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THE STORY - SUMMARY AND NOTES
The experiments described in this chapter are based on actual experiments done or proposed by Swift's contemporaries. Included among them is an experiment designed to extract the sunbeams from cucumbers that have been hermetically sealed. During inclement summers the cucumbers are to be released to provide sunshine. Gulliver also meets an architect who has contrived a plan to build houses starting from the roof. Another man, born blind, is teaching his blind apprentices to mix colors for painters. How do they do it? They "recognize" colors by their feel and smell. Gulliver admits they frequently make mistakes.
These experiments are just plain silly. Certainly, all experiments sponsored by the Royal Society weren't so, but Swift is nonetheless making fun of the Society as a whole.
Gulliver describes the political Projectors as appearing "wholly out of their senses," a perception that makes him "melancholy." This is Swift talking directly to you through Gulliver. He tells of schemes whereby monarchs would choose favorites on the basis of wisdom and merit, and ministers would act always with the public good uppermost in their minds. Swift is indeed discouraged by the politics of his times, for he says that his solutions for improvement are "impossible chimaeras."
Up to now Gulliver's descriptions of Projectors' activities have led us to
believe that these people operate only on theories and never deal in the
literal. When they do, however, the propositions are still absurd. One
Projector has concluded that political bodies and natural bodies are completely
analogous, and that because they are vulnerable to exactly the same maladies,
ministers should be thoroughly examined after senate meetings. They would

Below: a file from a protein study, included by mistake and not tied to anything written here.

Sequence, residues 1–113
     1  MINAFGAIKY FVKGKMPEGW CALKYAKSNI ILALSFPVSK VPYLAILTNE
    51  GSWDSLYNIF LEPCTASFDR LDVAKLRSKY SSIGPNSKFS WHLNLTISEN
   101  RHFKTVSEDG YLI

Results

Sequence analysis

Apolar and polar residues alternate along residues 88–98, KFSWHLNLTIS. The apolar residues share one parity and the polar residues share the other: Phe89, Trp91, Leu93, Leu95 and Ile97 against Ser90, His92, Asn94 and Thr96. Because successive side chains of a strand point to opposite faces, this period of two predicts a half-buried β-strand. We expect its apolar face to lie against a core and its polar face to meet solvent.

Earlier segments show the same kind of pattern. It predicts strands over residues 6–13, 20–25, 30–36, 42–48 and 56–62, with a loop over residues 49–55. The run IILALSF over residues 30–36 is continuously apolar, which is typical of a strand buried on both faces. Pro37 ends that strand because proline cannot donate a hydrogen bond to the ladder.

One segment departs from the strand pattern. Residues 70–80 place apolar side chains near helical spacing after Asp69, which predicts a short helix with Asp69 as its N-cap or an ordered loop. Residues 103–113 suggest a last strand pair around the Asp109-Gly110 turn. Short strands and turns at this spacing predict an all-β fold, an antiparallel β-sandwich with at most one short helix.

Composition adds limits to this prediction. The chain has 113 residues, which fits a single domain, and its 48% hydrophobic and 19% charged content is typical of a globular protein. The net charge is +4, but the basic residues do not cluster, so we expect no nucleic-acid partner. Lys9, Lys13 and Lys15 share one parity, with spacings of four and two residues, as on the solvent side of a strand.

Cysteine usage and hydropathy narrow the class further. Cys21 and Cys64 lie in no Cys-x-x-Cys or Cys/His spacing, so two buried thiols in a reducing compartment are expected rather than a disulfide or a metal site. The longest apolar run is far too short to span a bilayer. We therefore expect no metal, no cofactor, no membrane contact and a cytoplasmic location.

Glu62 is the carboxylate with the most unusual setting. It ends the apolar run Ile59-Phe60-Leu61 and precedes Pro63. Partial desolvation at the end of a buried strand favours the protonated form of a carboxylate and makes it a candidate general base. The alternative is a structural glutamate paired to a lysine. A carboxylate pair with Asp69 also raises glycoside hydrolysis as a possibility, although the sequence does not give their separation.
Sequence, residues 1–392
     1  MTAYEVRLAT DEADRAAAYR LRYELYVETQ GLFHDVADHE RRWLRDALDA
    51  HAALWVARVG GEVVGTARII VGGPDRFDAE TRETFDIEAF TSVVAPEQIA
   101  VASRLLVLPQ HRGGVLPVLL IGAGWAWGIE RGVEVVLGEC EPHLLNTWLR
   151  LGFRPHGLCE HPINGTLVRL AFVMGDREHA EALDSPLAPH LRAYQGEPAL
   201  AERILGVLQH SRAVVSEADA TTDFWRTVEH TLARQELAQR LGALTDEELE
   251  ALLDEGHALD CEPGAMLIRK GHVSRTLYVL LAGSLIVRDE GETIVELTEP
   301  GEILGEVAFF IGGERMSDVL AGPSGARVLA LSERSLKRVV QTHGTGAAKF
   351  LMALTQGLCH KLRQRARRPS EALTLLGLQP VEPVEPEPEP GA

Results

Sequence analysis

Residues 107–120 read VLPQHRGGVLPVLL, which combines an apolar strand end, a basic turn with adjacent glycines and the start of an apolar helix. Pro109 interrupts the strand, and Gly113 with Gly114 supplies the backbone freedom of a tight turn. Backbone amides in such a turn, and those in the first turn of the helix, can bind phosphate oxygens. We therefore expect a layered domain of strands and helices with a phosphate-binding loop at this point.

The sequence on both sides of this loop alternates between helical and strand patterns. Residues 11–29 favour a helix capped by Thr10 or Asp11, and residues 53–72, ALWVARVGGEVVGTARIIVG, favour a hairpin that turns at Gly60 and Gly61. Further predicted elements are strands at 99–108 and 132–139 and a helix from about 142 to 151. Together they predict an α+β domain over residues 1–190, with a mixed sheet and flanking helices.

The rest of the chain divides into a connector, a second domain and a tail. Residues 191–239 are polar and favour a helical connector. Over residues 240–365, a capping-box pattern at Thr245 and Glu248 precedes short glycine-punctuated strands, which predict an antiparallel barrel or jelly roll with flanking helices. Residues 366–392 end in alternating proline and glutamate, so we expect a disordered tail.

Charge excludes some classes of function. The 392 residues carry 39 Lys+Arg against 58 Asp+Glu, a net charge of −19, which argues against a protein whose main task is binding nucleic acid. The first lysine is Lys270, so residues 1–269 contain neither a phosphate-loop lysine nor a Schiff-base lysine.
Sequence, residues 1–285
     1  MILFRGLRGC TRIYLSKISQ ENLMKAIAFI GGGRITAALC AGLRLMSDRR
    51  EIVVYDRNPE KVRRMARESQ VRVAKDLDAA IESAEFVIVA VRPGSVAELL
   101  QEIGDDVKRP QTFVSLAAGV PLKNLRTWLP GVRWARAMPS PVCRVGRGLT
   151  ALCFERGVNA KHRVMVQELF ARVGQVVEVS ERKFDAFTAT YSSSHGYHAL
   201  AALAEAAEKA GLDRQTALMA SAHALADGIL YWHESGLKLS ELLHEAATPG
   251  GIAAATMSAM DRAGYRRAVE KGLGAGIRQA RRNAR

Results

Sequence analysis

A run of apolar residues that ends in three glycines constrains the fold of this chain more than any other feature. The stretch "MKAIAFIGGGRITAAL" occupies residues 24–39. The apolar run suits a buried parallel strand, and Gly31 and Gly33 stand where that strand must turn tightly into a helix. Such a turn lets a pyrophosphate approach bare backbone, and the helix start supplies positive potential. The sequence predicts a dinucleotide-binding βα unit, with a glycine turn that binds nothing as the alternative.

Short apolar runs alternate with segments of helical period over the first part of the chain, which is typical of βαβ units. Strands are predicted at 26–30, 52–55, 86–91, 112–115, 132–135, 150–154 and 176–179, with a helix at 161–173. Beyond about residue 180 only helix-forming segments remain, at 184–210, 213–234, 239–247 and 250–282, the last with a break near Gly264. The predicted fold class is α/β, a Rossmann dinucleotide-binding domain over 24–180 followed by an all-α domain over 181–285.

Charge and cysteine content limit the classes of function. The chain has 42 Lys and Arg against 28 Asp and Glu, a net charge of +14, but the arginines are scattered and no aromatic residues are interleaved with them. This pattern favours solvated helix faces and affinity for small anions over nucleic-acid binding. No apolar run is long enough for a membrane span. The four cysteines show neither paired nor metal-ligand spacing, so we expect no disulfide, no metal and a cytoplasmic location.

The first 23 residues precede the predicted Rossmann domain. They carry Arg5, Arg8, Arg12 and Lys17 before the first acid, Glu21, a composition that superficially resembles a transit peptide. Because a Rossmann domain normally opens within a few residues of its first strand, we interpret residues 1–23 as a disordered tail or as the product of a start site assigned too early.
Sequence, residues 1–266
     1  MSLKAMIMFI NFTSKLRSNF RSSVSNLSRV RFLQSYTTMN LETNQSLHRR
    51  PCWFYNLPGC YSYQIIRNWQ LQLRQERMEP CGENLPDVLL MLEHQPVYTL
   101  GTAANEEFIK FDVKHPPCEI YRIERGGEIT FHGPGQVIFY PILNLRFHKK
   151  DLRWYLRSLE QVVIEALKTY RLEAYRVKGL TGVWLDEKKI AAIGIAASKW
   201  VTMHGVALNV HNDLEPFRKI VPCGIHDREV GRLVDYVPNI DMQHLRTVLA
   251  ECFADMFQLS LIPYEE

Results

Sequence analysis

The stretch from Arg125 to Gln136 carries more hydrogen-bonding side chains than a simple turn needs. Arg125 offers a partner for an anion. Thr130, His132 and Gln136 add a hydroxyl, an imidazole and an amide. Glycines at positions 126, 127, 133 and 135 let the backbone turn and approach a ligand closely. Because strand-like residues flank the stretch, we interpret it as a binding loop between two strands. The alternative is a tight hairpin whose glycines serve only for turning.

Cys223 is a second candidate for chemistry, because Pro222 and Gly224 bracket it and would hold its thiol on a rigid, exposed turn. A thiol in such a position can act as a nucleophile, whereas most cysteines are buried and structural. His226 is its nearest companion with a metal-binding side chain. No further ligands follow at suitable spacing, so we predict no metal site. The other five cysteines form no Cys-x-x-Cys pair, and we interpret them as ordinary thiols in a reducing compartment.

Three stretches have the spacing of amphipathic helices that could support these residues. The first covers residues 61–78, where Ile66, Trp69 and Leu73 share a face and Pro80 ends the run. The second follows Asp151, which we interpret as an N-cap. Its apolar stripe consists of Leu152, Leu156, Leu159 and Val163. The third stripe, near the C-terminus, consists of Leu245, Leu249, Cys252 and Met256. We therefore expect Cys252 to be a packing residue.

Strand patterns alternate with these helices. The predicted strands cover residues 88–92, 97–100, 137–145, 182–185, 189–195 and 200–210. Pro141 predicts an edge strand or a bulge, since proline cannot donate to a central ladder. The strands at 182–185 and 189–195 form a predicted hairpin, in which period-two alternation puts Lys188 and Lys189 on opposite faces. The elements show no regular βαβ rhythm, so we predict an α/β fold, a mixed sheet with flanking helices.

then be given proper medication, and this would solve political problems
as well as physical ones. The same Projector proposed that every senator
vote in opposition to his true opinion-that way, the public good would
truly be served. This is Swift expressing his distrust of government officials.
The high point of this section is a Projector's suggestion for solving conflict in the senate. According to his plan, two senators with opposing opinions would be coupled; each would then have his skull sliced and they would exchange brain parts. In this way the two half-brains would debate the matter inside one skull, and this would result in a moderate senate. Surely this is folly if ever folly existed. Swift's purpose here is again to express his perception that things are desperate in English politics and that no one seems to have a reasonable idea as to what to do.
Swift makes an acute judgment on human nature in his passage on taxation. The question under debate in Balnibarbi is whether people should be taxed for virtues or for their vices. "But, as to honour, justice, wisdom, and learning, they should not be taxed at all, because they are qualifications of so singular a kind, that no man will either allow them in his neighbour, or value them in himself." Do you agree with Swift here?
After the Projector has finished his explanation, Gulliver tells him a little about Tribnia and
Langden-these are anagrams for "Britain" and "England." There, he says, the "bulk of the
people consist... wholly of discoverers, witnesses, informers, accusers, prosecutors,
evidences, swearers...." Plots in government, the Projector says, are "usually the
Not a pretty place, as Swift describes England, yet Gulliver says he is anxious to return there. So, as harshly as Swift has criticized his country, it would seem he does so out of concern and love for it, not out of malice. Do you think that Swift, if he unreservedly reviled Britain and honestly felt there was no hope for improvement, would exert himself writing about it, and participating in its politics?